Before I left the fire after my three-week assignment, I got permission from the incident commander to get one night’s sleep in a hotel. I had been coming down with a sore throat, and I knew if I could get one night’s sleep in a bed off the damp ground, I might avert a weeklong illness. He agreed and I went into town for a night in the only motel. One of the loggers found out I was going to spend the night in town and insisted I had to join the group for a beer at the town tavern. Normally I wouldn’t have done it, but these men and I had covered some ground together. From the first day when they thought I was just a piece of feminine fluff from California to the day that they were ready to back me up in a fight. I went to join them for a beer.

When I walked in, the bar was jam-packed with locals. I felt like the conquering hero walking through the city gates. I couldn’t buy my own beer. As a matter of fact, the bar had beer tokens that you could buy and give away to someone else. When you wanted a beer, the token served as payment. By the end of the night my pockets were literally overflowing with wooden beer tokens. I must have had fifty tokens, and they were falling out of every pocket in my pants and jacket. It was an interesting feeling. I felt a lot of camaraderie with those guys. I don’t know how it would have been a few years before, but now as a female fire chief, I felt comfortable, I felt accepted, and I felt respected. It was a great feeling.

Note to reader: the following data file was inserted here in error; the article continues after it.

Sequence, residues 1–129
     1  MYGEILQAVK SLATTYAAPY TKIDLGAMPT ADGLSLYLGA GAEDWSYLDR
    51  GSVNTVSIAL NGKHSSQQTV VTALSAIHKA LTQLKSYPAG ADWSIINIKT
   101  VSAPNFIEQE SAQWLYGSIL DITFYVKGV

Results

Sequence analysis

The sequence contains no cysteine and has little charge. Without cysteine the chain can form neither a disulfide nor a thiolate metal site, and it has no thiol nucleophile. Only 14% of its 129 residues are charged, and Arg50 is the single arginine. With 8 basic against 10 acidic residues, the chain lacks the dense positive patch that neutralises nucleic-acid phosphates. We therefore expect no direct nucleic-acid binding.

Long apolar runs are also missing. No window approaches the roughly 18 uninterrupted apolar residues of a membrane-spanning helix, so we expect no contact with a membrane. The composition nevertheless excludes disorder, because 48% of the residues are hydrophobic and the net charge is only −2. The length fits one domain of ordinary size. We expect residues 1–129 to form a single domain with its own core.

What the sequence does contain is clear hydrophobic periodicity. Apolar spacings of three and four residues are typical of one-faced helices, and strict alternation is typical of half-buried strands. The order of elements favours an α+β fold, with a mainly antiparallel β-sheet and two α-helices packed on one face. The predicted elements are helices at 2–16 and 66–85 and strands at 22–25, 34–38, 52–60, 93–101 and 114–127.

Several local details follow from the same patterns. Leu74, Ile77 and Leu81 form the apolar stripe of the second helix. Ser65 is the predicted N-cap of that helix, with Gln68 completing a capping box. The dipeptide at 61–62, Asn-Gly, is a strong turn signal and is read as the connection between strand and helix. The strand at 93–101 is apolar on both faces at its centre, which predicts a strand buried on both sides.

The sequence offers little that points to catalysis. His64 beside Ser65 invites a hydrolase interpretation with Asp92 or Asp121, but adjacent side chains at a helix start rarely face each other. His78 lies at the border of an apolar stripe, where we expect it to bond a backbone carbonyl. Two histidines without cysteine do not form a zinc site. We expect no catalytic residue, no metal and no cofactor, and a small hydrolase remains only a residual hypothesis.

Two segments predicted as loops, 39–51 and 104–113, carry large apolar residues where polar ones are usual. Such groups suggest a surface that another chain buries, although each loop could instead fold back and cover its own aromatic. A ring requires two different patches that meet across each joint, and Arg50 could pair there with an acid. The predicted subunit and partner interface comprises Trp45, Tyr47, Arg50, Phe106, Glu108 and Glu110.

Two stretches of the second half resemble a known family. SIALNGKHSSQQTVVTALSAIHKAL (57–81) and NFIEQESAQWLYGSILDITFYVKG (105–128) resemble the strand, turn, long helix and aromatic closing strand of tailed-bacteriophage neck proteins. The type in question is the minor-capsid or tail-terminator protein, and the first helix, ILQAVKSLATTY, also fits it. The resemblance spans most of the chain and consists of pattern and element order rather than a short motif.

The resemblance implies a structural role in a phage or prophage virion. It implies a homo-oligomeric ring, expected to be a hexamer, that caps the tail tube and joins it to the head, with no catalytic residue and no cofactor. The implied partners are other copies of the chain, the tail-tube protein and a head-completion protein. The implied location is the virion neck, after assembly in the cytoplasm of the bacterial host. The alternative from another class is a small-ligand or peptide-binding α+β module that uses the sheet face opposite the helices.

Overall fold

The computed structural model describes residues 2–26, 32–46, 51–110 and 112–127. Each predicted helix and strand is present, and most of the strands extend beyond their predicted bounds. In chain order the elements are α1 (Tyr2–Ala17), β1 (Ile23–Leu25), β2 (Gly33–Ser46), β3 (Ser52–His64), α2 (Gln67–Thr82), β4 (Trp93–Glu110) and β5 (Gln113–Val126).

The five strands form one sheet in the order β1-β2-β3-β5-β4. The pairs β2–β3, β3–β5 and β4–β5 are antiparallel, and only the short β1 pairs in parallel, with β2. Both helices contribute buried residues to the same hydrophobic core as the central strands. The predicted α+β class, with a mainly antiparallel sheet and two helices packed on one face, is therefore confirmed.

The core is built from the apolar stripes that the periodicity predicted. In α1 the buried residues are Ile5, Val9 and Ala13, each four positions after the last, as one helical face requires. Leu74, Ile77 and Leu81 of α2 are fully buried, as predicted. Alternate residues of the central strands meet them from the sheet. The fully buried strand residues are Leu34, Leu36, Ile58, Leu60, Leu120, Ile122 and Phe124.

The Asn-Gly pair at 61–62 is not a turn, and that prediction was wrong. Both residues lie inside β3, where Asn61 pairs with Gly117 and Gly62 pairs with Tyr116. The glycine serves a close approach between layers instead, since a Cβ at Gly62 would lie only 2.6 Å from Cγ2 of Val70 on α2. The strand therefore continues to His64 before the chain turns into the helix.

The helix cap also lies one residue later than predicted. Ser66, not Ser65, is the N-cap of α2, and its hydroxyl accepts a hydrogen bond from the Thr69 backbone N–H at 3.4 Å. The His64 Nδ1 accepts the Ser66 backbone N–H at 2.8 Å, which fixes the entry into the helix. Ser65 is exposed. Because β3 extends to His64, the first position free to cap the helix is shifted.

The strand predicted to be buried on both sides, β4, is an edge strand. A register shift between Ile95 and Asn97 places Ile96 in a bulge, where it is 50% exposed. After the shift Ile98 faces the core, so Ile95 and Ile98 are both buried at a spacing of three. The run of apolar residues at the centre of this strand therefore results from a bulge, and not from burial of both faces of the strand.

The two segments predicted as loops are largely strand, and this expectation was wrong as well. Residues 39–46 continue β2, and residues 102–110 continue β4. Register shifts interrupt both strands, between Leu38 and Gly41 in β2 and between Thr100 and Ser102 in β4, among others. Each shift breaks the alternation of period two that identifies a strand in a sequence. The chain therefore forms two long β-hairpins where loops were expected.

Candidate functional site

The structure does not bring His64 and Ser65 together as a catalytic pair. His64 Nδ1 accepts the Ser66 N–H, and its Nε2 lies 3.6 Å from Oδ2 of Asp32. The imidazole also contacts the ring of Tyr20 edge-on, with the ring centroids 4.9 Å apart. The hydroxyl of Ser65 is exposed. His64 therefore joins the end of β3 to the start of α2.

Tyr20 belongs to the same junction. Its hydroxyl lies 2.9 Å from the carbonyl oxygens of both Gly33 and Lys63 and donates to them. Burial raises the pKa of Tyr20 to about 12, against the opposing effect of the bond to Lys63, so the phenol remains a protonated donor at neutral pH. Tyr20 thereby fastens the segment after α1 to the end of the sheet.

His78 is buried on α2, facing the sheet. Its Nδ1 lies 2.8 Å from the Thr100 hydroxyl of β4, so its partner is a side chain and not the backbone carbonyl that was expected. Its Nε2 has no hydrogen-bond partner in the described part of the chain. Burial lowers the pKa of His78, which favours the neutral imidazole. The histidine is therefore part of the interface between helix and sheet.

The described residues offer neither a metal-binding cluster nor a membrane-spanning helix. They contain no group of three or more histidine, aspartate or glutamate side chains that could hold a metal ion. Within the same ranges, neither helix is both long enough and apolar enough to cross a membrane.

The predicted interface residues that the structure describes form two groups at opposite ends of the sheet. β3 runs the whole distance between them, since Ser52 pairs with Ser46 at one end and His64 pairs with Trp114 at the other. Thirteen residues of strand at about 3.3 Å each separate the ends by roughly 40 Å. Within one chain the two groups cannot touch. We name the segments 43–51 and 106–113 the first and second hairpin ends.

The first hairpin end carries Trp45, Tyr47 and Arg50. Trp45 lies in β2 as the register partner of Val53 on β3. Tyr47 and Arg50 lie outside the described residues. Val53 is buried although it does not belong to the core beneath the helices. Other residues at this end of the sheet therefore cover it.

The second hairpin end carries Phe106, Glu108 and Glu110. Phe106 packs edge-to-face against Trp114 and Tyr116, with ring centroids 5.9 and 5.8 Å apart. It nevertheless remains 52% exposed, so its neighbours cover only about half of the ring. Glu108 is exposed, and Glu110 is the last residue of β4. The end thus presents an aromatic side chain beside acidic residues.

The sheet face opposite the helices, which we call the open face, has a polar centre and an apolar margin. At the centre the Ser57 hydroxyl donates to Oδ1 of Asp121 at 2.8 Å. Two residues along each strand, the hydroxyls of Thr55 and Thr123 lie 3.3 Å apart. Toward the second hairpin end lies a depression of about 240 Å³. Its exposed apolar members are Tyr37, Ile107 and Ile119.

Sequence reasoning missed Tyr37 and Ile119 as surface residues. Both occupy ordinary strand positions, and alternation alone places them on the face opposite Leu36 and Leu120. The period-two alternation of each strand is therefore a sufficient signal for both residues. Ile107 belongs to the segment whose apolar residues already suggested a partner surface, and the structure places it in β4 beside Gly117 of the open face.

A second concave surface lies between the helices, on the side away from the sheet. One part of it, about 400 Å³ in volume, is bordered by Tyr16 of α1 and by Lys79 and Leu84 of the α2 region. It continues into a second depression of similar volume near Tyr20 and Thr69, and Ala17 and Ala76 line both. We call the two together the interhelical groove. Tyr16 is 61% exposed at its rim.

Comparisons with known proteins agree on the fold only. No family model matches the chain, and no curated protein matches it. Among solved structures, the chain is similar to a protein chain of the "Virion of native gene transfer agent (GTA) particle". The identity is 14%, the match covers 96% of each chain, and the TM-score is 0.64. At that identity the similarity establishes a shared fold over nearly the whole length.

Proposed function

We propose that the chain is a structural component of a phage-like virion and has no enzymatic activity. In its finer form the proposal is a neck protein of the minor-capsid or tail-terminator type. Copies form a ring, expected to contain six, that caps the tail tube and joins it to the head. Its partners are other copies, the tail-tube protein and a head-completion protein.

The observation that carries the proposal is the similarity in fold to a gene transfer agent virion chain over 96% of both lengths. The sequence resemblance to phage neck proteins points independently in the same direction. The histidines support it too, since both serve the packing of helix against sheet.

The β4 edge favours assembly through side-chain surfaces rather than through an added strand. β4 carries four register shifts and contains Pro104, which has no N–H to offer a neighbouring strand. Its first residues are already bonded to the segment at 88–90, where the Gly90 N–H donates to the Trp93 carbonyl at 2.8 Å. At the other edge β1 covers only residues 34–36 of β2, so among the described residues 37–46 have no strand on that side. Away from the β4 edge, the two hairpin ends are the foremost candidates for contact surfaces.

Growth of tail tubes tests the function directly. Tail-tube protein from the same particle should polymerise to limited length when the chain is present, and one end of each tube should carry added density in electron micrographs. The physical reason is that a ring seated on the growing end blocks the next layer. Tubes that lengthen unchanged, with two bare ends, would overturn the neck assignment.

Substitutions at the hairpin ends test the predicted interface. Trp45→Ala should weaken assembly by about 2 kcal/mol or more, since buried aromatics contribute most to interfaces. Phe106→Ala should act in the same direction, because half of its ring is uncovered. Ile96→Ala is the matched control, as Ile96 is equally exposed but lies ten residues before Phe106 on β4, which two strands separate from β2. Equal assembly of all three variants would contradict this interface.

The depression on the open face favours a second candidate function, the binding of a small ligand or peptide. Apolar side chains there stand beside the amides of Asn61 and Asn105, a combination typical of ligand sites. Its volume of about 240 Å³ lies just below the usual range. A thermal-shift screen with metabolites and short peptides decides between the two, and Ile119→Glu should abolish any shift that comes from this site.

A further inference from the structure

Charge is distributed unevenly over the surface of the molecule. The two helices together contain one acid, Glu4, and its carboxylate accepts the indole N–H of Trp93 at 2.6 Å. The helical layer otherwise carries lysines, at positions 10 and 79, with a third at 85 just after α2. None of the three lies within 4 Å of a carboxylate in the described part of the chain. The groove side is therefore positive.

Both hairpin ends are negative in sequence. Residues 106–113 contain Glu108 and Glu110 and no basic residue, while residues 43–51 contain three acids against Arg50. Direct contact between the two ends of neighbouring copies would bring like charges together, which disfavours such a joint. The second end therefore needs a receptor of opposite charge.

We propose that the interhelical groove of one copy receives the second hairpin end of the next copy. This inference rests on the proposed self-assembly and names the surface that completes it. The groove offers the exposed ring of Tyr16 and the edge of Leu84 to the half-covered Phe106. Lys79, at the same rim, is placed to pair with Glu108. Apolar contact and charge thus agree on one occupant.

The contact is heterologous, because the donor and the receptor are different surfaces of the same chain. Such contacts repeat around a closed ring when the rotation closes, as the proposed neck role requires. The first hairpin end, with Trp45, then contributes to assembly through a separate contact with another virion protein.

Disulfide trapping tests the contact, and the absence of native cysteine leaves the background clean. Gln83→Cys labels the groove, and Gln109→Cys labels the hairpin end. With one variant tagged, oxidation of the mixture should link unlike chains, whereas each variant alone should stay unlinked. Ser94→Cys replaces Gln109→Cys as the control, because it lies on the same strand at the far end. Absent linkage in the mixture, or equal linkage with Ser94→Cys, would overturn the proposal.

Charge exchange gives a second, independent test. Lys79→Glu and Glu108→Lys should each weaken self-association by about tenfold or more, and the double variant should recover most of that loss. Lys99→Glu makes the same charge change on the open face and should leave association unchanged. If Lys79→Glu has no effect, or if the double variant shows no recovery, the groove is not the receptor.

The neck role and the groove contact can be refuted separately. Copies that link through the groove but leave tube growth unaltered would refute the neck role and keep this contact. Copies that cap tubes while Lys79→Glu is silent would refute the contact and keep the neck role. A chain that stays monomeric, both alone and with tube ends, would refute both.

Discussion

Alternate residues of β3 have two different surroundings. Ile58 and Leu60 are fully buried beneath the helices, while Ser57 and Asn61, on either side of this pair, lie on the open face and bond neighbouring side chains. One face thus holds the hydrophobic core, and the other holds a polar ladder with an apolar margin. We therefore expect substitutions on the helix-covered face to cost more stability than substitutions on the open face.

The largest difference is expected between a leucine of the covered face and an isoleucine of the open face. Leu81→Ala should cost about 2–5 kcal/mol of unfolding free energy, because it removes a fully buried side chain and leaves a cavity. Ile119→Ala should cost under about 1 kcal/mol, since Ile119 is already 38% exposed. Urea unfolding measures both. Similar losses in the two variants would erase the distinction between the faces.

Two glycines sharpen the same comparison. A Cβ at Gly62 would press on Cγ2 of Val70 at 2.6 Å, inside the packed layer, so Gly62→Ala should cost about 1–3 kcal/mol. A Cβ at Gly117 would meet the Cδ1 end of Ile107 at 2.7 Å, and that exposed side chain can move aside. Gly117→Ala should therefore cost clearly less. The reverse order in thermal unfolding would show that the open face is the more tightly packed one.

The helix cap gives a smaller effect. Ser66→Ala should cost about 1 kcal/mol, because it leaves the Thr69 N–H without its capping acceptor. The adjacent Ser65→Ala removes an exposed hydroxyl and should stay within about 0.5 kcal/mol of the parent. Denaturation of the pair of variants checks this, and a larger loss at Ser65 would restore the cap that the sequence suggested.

Before I left to go back to the motel, I sat quietly at the bar by myself. After a few minutes, I looked up at the wall, above the mirror behind the bar. There was a nicely carved and painted sign. In big letters it read No Queers Allowed. I laughed to myself, wondering what these tough characters would have said had they known the rest of the story.

About the Author

Bobbie Scopa is a retired firefighter, author, podcast host and public speaker. She has 45 years of firefighting experience and has received numerous professional awards and industry recognition, including Firefighter of the Year (1990) from the Professional Firefighters of Arizona; Governor’s Award, State of Arizona (1990); Certificate of Appreciation from the City of New York for work performed at the World Trade Center in 2001, and the Unit Citation Award for efficacy in the U.S. Forest Service (2014). She was a featured speaker at the U.S. Forest Service’s “Pride Outside” diversity, equity, and inclusion event in June 2021. She is the host of the podcast where she gives leadership lessons through entertaining stories. Scopa divides her time between Puget Sound, Washington, and Scottsdale, Arizona.

“Both Sides Of The Fire Line: Memoir of a Transgender Firefighter”
Chicago Review Press
© September 2022